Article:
Assessment and Accountability
Texas was one of the first states in the nation to embrace standardized testing and develop school accountability laws tied to assessment data, which heavily influenced federal law in the early 2000s. The enactment of state and federal accountability laws launched an entire industry related to testing and longitudinal measurement of student growth using test scores. Testing students and rating or ranking schools based on testing data have become the primary mandates in public education and drive spending, learning, and behavior in public schools. Student test performance has also been used widely as a component in educator evaluations, compensation and employment decisions, outcomes-based school funding, and other high-stakes decisions.
Federal accountability requirements for schools are primarily found within the Elementary and Secondary Education Act (ESEA). Originally enacted by Congress in 1965, the law was reauthorized in 2001 and became known as the “No Child Left Behind” (NCLB) Act. Congress reauthorized the law again in 2015, referring to it as the “Every Student Succeeds Act” (ESSA). The law holds states and local schools accountable for student progress and requires that students be tested at certain intervals and in certain subjects.
The Texas Legislature adopts additional laws requiring student testing and sets the parameters of a state accountability system for schools. Currently, Texas school districts and campuses are assigned accountability ratings under an “A through F” school grading system that is based on testing data and other academic statistics. Texas schools also receive financial accountability ratings.
For schools that fail to meet state or federal accountability targets, the consequences can be harsh. Interventions and sanctions may include investigations and monitoring, public hearings, implementation of improvement plans, removal or reassignment of school personnel, the appointment of a board of managers to take over the duties of the school board, and the consolidation or closing of schools. Some school districts have partnered with charters or other entities to manage certain campuses in order to avoid tougher sanctions and, in some cases, to receive additional state funding. Accountability-related decisions that take away the authority of locally elected school boards are especially controversial.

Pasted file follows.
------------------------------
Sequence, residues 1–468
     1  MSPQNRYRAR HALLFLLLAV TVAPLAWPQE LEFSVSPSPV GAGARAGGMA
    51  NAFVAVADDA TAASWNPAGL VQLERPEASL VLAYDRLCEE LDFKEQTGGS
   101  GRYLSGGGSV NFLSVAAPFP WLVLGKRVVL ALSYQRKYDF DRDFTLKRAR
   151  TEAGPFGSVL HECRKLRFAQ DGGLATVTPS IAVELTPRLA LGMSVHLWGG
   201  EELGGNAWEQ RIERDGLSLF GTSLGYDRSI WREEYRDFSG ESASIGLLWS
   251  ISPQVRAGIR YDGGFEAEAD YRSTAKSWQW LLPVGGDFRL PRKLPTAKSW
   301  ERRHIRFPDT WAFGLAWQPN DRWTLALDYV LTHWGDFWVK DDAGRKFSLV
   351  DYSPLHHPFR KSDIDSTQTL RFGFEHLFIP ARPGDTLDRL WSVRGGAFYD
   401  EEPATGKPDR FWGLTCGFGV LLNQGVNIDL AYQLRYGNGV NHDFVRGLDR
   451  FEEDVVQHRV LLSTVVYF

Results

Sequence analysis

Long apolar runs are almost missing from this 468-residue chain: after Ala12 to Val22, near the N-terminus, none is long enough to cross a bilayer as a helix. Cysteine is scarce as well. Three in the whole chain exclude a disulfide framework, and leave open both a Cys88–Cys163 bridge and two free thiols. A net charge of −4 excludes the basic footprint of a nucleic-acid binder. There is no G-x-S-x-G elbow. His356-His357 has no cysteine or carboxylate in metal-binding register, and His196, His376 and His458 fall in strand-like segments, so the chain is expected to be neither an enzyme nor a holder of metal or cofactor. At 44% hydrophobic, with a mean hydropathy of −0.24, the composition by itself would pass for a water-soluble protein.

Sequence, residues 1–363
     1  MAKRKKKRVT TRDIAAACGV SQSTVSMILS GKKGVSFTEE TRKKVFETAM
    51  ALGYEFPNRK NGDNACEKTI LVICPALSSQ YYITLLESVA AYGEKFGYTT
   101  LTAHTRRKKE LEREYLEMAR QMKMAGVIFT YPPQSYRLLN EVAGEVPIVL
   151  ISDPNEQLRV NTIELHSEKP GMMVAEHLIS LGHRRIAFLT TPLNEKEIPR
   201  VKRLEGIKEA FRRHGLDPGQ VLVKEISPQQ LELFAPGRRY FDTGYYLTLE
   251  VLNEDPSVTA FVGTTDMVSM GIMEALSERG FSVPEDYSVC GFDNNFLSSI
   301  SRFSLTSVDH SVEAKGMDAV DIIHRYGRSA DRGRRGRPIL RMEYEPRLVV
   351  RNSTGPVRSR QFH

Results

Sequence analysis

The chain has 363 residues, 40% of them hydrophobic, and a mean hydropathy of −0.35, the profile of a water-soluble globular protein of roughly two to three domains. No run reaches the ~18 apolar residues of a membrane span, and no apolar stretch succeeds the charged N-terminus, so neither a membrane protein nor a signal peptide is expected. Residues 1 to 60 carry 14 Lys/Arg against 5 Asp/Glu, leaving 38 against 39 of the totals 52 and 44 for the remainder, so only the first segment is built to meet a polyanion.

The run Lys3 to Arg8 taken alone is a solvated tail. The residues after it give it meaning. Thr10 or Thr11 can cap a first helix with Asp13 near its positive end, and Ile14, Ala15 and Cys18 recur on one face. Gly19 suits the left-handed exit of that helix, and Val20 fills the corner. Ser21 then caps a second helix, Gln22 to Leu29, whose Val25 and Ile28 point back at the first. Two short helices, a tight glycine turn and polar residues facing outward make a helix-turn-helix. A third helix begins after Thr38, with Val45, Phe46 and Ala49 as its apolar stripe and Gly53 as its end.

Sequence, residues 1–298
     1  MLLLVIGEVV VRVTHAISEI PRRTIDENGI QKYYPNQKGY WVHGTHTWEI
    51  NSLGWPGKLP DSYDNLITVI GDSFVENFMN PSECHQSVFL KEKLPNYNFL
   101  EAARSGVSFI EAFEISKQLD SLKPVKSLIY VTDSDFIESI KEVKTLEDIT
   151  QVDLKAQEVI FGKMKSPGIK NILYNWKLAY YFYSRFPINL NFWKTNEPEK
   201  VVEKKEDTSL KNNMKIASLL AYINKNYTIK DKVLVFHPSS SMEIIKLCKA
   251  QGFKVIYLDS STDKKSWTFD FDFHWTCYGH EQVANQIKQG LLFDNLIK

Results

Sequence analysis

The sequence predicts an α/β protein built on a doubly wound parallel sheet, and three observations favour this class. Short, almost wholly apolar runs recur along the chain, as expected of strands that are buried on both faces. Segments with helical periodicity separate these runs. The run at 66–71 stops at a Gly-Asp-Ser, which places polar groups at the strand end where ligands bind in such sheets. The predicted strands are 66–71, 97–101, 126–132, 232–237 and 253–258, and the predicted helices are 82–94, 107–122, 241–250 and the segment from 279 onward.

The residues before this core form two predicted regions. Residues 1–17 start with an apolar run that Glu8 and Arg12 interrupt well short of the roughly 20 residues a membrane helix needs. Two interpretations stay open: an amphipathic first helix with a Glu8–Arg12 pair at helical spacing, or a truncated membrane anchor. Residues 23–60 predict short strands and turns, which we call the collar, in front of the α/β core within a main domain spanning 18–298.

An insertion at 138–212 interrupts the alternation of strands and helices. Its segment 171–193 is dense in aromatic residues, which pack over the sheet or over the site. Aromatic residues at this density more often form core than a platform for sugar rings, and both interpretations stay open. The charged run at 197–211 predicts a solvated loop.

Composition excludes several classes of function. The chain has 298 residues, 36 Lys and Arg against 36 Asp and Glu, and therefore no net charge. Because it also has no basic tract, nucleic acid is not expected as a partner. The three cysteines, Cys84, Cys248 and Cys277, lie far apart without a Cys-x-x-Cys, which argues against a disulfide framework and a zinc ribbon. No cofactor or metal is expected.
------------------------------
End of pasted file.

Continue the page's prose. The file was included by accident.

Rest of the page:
- Proponents of high-stakes testing for accountability purposes believe the data generated from the tests should be used to punish and reward, and they favor having a standard measure to gauge the value of the public education system. Believing that testing data can provide objective measures of student growth, they favor incorporating student test scores into school accountability ratings, teacher evaluations, funding formulas, and accountability systems for educator preparation programs.
- Opponents generally believe that the high-stakes nature of testing and the amount of time devoted to it narrow the curriculum and the educational experience and detract from a skills-based, well-rounded education. Attempts to measure educators' effectiveness based on student test scores are also troublesome because the majority of all teachers teach a subject or grade level in which there is no state standardized test.
ATPE has long supported the development and implementation of assessment and accountability systems that support student learning and help educators meet the needs of their students. We believe such systems must be developed with educator input and should be transparent and statistically valid. ATPE members oppose the use of high-stakes tests as the sole measure of student achievement and believe testing data should not be the primary factor in decisions about teacher evaluations, compensation, or employment actions.
Read our member-adopted ATPE Legislative Program to learn more about our positions on assessment and accountability. Find additional information about ATPE’s advocacy efforts related to these issues on our Teach the Vote blog.